|National health insurance subscription and maternal healthcare utilisation across mothers’ wealth status in Ghana|
||Edward Kwabena Ameyaw, Raymond Elikplim Kofinti, and Francis Appiah
||Health Economics Review , 7(1):16. doi: 10.1186/s13561-017-0152-8.
Health care utilization
This study is against the backdrop that despite the forty-nine percent decline in Maternal Mortality Rate in Ghana, the situation still remains high averaging 319 per 100,000 live births between 2011 and 2015.
To examine the relationship between National Health Insurance and maternal healthcare utilisation across three main wealth quintiles (Poor, Middle and Rich).
The study employed data from the 2014 Ghana Demographic and Health Survey. Both descriptive analysis and binary logistic regression were conducted.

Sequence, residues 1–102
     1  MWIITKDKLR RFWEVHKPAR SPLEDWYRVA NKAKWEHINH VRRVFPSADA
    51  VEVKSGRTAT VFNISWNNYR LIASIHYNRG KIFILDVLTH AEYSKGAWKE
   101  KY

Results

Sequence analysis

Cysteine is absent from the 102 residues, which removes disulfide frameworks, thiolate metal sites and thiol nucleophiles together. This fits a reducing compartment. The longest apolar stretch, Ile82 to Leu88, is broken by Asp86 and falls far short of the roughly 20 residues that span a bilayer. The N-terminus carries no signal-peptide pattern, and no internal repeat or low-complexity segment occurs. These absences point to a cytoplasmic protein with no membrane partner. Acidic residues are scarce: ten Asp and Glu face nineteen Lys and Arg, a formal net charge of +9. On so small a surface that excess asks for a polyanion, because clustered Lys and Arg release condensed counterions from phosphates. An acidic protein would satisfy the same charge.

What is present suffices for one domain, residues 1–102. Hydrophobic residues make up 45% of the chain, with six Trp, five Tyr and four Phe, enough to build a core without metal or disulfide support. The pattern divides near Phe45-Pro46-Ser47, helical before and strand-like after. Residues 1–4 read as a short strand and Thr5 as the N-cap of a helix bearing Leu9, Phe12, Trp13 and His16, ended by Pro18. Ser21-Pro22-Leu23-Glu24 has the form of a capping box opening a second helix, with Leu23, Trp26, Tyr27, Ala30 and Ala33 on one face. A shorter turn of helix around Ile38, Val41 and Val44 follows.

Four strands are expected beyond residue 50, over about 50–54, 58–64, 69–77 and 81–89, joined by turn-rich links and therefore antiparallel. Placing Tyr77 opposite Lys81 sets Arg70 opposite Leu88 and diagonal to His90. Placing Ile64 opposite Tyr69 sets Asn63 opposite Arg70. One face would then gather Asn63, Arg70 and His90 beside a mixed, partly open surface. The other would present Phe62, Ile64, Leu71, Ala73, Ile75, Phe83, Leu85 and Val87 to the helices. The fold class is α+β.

Descriptively, rich women had high antenatal attendance and health facility deliveries represented by 96.5% and 95.6% respectively. However, the binary logistic regression results revealed that poor women owning NHIS are 7% (CI?=?1.76–2.87) more likely to make at least four antenatal care visits compared to women in the middle wealth quintile (5%, CI?=?2.12–4.76) and rich women (2%, CI?=?1.14–4.14). Similarly, poor women who owned the NHIS are 14% (CI?=?1.42–2.13) likely to deliver in health facility than women in the middle and rich wealth quintile.
The study has vindicated the claim that NHIS Scheme is pro-poor in Ghana. The Ministry of Health should target women in the rural area to be enrolled on the NHIS to improve maternal healthcare utilisation since poverty is principally a rural phenomenon in Ghana.
Antenatal care, Maternal healthcare utilisation, Wealth status, Women, Health insurance